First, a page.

In March, DC has a new edition of "Original Sins" due out collecting Hellblazer #1-9 and Swamp Thing #76-77. The solicitation copy crows about how "This is the first of a series of new HELLBLAZER collections that put all his adventures in reading order, capturing Constantine at his youthful, anarchic best." Unfortunately, this leaves fans of Jamie Delano's take on Constantine a bit short changed, as the current editions of the trades needed only one more volume to finish collecting his run, in #34-40 (#35 is in the Rare Cuts trade). Hopefully, DC is cleaning up its act with regards to the Hellblazer trades, but based on past experiences (like the last new edition of "Original Sins" getting a spine number and then it taking years for a second Delano trade to appear), I wouldn't count on it.

#51 is the notorious haunted Laundromat fill-in by John Smith and Sean Phillips.

#229 was a fill-in by Mike Carey in-between Denisa Mina's run and Andy Diggle's.

#250 has Peter Milligan's first Constantine story, as well as tales by Brian Azzarello, China Miellville, Dave Gibbons, and Delano. The first Milligan trade, "Scab" reprints his story, but not the others.

Justice League International #18 & 24

The lead stories are included in the JLI collections, but the JLI-relevant "Bonus Book" mid-issue stories from then new talent have not been reprinted, likely because they're not by Giffen and DeMatteis. The story in #18 is by Martin Askwith and James Webb, and focuses on the domestic life of Mr. Miracle and Big Barda (eventually, they received their own spin-off by DeMatteis and Ian Gibson). #24 offers something more intriguing though, a Maxwell Lord solo story by David Levin and a then-attending college Dean Haspiel (American Splendor, the Alcoholic).

Legends of the Dark Knight Annual #7

Recently, the sixth and final volume of the Starman Omnibus series shipped, supposedly completing a series reprinting all of James Robinson's Starman material. Well, the series doesn't quite do that, despite going so far as to include Stars and Stripes #0. Most obviously, it leaves out the first arc on JSA, co-written by Robinson and David Goyer (who also co-wrote part of Starman itself). That shouldn't be a big deal to fans, as there's a trade for it. What's more of an issue for die-hard Starman fans is that this issue wasn't included. It may not feature Jack Knight, but it adds to the engrossing mythology Robinson built around Opal City.

Marvel Knights Double Shot #1-4 and Marvel Double Shot #1-4

Two early 00s anthology titles featuring mainly a-list talent like Greg Rucka and Gene Ha. A few of the stories, like Ennis Punisher story in MKDS#1 and the Bill Morrison Avengers story in MDS #2 have made it into trades, but most of them have not. The real hidden gem is the Nick Fury story by Grant Morrison in MKDS #2.

Comics Missing In Action by Joe GualtieriMarvel Team-Up #74 and #79

#74 was skipped in the Essentials, as it features the cast of Saturday Night Live. #79 has been reprinted, in the 2008 Spider-Man/Red Sonja collection, which looks like it's gone out of print.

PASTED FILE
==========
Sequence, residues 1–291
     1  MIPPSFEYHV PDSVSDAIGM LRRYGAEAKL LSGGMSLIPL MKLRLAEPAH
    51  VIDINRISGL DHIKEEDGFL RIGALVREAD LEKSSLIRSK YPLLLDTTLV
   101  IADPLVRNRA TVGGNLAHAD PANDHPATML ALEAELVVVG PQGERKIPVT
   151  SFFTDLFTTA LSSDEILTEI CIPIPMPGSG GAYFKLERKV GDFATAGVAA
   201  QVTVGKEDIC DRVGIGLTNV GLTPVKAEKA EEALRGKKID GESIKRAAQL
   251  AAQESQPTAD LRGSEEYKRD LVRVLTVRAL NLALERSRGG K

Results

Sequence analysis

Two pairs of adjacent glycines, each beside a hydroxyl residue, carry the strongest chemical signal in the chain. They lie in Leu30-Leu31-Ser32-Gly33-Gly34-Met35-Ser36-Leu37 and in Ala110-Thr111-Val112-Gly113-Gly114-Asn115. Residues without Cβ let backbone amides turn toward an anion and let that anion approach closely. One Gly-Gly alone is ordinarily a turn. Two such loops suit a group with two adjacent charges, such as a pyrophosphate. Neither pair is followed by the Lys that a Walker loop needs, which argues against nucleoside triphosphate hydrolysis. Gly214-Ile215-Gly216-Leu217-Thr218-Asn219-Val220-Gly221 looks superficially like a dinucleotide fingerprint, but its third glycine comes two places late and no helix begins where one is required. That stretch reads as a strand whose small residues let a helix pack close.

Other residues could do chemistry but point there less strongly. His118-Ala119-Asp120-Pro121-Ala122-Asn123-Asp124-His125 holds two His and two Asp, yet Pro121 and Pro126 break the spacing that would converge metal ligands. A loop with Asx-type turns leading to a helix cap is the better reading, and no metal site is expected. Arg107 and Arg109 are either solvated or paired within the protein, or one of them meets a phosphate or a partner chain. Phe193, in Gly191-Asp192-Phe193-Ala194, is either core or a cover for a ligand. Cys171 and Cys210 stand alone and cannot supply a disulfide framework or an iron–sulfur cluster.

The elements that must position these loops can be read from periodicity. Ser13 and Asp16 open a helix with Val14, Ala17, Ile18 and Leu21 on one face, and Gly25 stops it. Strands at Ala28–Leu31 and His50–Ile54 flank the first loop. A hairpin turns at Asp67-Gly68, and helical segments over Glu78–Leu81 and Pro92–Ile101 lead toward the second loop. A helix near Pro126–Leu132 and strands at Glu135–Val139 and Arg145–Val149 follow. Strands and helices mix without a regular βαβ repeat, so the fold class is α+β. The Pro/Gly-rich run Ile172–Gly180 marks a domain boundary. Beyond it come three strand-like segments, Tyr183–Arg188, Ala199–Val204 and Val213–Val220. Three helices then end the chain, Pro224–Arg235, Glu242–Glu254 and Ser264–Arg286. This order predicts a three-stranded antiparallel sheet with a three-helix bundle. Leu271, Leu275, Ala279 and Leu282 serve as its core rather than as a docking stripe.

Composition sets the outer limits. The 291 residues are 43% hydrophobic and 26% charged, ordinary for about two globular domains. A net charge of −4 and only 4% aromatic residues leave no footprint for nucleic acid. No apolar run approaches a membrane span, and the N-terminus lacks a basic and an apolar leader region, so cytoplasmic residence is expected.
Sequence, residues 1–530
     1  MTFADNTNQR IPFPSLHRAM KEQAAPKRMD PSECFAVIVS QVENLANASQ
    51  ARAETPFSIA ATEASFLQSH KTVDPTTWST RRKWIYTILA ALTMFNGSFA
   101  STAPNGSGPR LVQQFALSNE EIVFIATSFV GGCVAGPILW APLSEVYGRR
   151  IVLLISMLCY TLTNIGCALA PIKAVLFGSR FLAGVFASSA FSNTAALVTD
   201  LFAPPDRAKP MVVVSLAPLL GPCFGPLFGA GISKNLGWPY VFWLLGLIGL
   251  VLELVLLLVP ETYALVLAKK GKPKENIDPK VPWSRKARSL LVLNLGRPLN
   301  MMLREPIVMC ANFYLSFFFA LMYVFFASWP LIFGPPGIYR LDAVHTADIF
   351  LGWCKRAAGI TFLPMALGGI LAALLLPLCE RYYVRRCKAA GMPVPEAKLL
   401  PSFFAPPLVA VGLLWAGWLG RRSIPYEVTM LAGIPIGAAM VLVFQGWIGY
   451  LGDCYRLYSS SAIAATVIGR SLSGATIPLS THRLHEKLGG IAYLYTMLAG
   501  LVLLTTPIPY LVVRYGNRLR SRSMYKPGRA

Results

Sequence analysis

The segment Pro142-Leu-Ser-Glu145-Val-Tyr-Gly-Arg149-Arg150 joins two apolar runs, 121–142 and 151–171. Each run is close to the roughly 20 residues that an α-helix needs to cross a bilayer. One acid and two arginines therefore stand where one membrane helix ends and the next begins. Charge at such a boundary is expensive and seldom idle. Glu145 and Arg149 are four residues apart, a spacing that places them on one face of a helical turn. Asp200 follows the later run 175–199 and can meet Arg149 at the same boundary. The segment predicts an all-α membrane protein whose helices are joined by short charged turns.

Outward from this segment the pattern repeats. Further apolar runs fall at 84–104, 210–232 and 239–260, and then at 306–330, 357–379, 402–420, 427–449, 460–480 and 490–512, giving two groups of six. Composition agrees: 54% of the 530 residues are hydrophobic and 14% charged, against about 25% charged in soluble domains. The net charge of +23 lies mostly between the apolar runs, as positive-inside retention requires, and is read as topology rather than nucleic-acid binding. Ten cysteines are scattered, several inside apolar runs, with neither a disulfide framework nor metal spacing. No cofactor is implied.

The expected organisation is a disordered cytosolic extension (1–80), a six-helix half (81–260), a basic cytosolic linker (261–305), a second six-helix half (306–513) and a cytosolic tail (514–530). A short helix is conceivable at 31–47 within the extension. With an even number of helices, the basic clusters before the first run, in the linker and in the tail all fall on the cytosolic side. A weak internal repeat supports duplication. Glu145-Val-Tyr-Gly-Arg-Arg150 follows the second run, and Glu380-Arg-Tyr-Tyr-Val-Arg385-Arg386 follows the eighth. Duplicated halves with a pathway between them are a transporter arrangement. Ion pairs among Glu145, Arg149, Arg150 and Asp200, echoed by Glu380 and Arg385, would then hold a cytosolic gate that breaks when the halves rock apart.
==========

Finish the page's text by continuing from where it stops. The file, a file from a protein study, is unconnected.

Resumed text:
Mr. Majestic (1999) # 7-9

DC put out one trade, collecting the first six issues of this fine Joe Casey series. Unfortunately, you're going to have to search back-issue bins for the latter third.

Red Herring # 1-6- by David Tischman and Philip Bond.

The series sold horribly in singles (I believe one issue didn't even make the top 300) and the collected edition apparently fared even worse, as DC spiked it after soliciting it.

Secret Origins (1986) # 10, 32-35, 46, 50

The 1986 version of Secret Origins is a treasure trove of terrific material by great creators, barely any of which has been reprinted anywhere; these issues are arguably the standouts of what's been ignored.
#10 presents four different origins for the Phantom Stranger. One of the four, by Alan Moore, has obviously received the most attention and is included in both editions of Across the Universe. The other three versions, by Mike W. Barr, Paul Levitz, and Dan Mishkin are all quite enjoyable.

#32-35 is a sequence spotlighting the JLI. #32 is a full history of the JLA up that point in time while the next three issues spotlight the JLI roster. Despite the involvement of Giffen and DeMatteis, none of these stories have been included in the JLI trade series so far, though the long out of print Secret Origins trade (source for Denny O'Neil's classic "the Man Who Falls") included #32 and some of #35.

#46 is the all-headquarters issue which includes Grant Morrison detailing the history of the JLA's old base and most infamously, Mark Waid on the original Legion of Superheroes Clubhouse.

#50 A veritable continuity patch clearinghouse, the best known story in here is Grant Morrison rewriting "A Flash of Two Worlds" for the post-Crisis era (included in the Morrison/Millar Flash trades), there's quite a bit of other good material here, including the death of the original Black Canary.